2. Swirl the turkey around to ensure the water permeates all surfaces and feathers.
  3. Check for readiness by pulling on the tail feathers; they should come off easily when the turkey is sufficiently scalded.

Scalding makes plucking significantly easier and faster.

Plucking the Turkey: Removing the Feathers


  1. Use your hands to pull the feathers in the direction of growth.
  2. Rubber gloves can help grip the tiny feathers more easily.
  3. Be thorough, ensuring all feathers are removed.

Tip: Start with the tail feathers and work your way up the body.

Cleaning and Eviscerating the Turkey: Removing the Innards


  1. Rinse the turkey with cool water.
  2. Cut off the head and legs with poultry shears or a knife.
  3. Remove the oil gland on the back end to prevent an unpleasant taste.
  4. Make a slice in the skin above the breastbone at the base of the neck.
  5. Tear down with your thumb to find the crop, windpipe, and esophagus.
  6. Pull the esophagus and windpipe out of the neck cavity and break the connective tissue around the crop.
  7. Cut right above the vent and tear open the carcass with both hands.
  8. Remove the fat off the gizzard and pull the esophagus and windpipe out.
  9. Cut down either side of the vent and underneath to remove all the guts in one pull.
  10. Go back in to remove the lungs and windpipe, or anything else that didn’t come out the first time.

Be careful not to puncture the intestines, as this can contaminate the meat.

Chilling the Turkey: Maintaining Freshness


  1. Place the cleaned turkey into a cooler filled with ice water.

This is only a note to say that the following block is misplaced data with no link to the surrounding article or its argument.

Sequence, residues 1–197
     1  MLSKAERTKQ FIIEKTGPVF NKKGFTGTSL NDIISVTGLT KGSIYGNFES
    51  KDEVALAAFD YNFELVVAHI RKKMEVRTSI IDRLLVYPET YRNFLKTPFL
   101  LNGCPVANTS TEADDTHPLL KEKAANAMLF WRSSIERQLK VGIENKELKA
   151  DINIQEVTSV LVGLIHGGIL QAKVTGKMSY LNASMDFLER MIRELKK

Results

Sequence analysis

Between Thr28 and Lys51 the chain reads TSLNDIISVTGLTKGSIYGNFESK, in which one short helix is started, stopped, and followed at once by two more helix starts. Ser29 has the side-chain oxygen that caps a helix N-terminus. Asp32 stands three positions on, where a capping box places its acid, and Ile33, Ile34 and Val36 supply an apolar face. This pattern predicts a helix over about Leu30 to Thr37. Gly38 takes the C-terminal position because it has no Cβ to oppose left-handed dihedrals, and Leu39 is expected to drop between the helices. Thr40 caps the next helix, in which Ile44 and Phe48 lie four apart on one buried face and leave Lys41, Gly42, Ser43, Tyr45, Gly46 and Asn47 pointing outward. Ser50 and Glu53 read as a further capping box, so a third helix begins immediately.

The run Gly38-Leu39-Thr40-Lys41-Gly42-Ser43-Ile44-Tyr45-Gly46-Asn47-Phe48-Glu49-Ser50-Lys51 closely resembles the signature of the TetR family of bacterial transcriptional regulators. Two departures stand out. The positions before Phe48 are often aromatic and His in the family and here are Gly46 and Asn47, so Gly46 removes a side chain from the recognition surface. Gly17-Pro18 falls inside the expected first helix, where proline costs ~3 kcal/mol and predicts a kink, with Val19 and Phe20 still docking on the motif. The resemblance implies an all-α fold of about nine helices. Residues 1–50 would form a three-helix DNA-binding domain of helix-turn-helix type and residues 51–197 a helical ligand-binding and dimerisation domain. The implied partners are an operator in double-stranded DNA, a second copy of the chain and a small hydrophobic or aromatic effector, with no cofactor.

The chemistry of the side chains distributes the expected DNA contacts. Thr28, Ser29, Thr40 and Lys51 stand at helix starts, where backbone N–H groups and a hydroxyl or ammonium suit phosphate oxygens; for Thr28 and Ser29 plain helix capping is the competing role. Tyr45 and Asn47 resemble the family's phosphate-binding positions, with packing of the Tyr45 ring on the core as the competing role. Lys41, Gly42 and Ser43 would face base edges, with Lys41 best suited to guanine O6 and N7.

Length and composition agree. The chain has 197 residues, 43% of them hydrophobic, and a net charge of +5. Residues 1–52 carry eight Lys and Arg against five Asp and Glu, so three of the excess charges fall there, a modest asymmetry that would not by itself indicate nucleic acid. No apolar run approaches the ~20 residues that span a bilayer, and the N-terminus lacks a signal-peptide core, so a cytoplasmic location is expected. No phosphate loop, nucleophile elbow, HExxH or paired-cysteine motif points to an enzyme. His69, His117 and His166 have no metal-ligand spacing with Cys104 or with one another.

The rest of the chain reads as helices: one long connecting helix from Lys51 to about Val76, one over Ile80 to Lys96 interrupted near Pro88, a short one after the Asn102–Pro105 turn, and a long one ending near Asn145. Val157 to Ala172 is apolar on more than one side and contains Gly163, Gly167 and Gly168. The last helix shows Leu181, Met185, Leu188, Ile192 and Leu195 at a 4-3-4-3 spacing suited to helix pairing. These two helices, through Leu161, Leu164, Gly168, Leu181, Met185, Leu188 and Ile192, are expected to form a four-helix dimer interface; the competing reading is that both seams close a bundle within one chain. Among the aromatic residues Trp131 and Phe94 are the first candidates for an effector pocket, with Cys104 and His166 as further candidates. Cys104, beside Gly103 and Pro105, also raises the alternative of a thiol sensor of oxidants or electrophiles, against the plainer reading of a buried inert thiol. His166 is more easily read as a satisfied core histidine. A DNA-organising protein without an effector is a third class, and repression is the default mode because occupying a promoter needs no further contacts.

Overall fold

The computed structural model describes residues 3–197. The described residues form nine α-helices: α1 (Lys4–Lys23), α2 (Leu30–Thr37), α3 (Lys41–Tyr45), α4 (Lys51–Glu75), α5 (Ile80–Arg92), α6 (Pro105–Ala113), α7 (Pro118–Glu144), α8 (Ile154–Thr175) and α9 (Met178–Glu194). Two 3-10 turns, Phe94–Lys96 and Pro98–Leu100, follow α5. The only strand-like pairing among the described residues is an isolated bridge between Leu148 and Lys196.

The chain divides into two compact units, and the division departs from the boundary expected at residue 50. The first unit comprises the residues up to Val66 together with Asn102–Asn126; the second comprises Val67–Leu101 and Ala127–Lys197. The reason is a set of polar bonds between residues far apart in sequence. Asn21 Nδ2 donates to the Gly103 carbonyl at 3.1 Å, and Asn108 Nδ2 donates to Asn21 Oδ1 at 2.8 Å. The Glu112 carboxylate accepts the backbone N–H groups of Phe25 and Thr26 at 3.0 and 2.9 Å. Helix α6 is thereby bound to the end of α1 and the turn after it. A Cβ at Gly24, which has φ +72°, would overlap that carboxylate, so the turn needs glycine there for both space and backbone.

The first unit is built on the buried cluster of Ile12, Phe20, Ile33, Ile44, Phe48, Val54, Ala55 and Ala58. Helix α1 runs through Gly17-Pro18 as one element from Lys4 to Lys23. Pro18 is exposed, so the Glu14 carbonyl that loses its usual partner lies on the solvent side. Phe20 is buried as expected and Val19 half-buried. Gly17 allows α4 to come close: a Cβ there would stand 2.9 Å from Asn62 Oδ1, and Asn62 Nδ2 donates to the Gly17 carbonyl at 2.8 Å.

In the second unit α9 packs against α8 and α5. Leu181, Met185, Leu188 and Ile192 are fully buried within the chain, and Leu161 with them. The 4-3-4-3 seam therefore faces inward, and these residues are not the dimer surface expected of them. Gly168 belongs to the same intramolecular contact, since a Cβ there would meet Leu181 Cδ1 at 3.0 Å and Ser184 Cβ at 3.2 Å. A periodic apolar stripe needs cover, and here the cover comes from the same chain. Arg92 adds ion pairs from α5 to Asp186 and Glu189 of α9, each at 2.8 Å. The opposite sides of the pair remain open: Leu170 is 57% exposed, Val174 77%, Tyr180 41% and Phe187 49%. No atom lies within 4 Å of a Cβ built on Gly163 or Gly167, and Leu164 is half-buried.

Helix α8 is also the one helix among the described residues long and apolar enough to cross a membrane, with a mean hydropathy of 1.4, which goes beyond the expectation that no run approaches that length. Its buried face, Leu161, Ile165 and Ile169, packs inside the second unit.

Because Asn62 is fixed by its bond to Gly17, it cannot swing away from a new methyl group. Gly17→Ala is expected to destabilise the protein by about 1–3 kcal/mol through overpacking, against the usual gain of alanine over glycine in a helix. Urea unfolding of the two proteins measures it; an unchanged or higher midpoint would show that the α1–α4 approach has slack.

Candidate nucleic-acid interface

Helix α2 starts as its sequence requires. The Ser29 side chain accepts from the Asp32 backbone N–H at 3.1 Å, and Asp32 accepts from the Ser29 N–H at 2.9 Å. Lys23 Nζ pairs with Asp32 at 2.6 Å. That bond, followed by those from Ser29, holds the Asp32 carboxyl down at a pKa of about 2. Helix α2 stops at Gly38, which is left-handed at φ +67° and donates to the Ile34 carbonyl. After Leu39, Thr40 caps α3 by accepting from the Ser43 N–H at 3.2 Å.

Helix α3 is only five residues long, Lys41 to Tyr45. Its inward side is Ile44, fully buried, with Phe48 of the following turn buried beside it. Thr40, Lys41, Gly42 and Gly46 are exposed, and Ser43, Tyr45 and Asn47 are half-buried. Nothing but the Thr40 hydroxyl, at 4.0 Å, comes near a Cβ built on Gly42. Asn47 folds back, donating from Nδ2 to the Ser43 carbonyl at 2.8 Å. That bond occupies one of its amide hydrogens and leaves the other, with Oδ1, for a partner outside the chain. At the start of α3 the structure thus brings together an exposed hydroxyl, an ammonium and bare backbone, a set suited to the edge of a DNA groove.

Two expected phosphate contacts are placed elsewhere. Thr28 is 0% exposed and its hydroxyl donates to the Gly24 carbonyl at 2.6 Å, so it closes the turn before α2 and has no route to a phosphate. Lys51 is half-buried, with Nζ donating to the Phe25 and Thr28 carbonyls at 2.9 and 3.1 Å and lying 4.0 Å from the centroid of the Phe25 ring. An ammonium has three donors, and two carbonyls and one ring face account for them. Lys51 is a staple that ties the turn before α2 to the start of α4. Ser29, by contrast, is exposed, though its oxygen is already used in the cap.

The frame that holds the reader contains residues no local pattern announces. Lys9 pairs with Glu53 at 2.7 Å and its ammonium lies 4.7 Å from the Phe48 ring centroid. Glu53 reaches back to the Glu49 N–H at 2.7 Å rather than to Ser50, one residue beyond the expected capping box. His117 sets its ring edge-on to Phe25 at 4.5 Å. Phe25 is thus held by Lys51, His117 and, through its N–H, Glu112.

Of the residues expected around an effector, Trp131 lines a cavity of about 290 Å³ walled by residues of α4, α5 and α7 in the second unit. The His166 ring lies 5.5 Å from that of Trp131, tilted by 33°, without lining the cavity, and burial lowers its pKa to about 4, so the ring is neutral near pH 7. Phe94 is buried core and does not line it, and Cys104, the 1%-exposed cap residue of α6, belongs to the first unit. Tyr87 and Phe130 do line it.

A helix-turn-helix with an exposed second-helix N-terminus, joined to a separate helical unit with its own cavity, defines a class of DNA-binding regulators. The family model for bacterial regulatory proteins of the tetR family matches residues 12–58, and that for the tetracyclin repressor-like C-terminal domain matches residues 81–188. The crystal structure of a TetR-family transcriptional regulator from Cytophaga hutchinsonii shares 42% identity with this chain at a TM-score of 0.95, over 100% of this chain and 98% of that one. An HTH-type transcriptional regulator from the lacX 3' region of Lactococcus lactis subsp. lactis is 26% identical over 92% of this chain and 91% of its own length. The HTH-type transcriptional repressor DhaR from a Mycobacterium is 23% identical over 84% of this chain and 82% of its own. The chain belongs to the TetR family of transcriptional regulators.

2. Leave the turkey in the ice water for at least 6 hours, or up to 2 days.
  3. Once chilled, use heat shrink bags or freezer wrap to cover the turkey.
  4. Freeze the turkey for long-term storage.

Chilling the turkey quickly is crucial for maintaining freshness and preventing spoilage.

Slaughtering a turkey can be a rewarding experience for homesteaders, providing fresh, delicious meat for your family. By following the steps outlined in this guide, you can ensure a humane and efficient process, from dispatching to chilling. Remember to prioritize animal welfare, hygiene, and proper handling techniques throughout the process.

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Butchering Turkeys For the First Time ||How to Process a Turkey & Supplies Needed||


What is the process of killing a turkey?

You put the bird in upside down, pull its head through a hole cut in the bottom, and then cut through the arteries in its neck. After a few (admittedly, long) seconds, the turkey stops struggling, bleeds out, and is ready to be processed.

How are turkeys humanely slaughtered?

Many turkeys are slaughtered without being stunned at all. In the processing plant, turkeys are shackled by their legs and hung upside-down. The turkeys’ throats are slit on a circular blade before being placed in a scalding tank meant to loosen feathers. If turkeys are not properly stunned, they often miss the blade.

What is the most humane way to cull a turkey?

Humane isn’t always easy One way is to hang the turkey upside down, which pacifies the bird and makes it easier to drain its blood; the other method is to straddle the bird, slit its throat (sometimes clean off), and then hold it down as it flaps around.

How long should you hang a turkey after killing?

This will ensure the crop and bowels are empty and will be much easier and cleaner to process as a result. i hang my turkeys for 5-6 days in a cold room intact, dry plucked make sure to dislocate neck properly to drain all blood from the meat.